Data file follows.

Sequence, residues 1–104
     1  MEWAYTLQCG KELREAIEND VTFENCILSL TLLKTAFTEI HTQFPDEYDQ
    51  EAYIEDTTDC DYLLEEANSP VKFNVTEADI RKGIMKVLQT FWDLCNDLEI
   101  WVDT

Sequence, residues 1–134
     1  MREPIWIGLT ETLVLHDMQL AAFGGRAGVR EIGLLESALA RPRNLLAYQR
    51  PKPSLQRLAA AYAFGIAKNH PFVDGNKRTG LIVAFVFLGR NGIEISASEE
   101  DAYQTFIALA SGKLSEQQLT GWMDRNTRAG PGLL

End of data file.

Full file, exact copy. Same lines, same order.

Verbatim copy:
Sequence, residues 1–104
     1  MEWAYTLQCG KELREAIEND VTFENCILSL TLLKTAFTEI HTQFPDEYDQ
    51  EAYIEDTTDC DYLLEEANSP VKFNVTEADI RKGIMKVLQT FWDLCNDLEI
   101  WVDT

Sequence, residues 1–134
     1  MREPIWIGLT ETLVLHDMQL AAFGGRAGVR EIGLLESALA RPRNLLAYQR
    51  PKPSLQRLAA AYAFGIAKNH PFVDGNKRTG LIVAFVFLGR NGIEISASEE
   101  DAYQTFIALA SGKLSEQQLT GWMDRNTRAG PGLL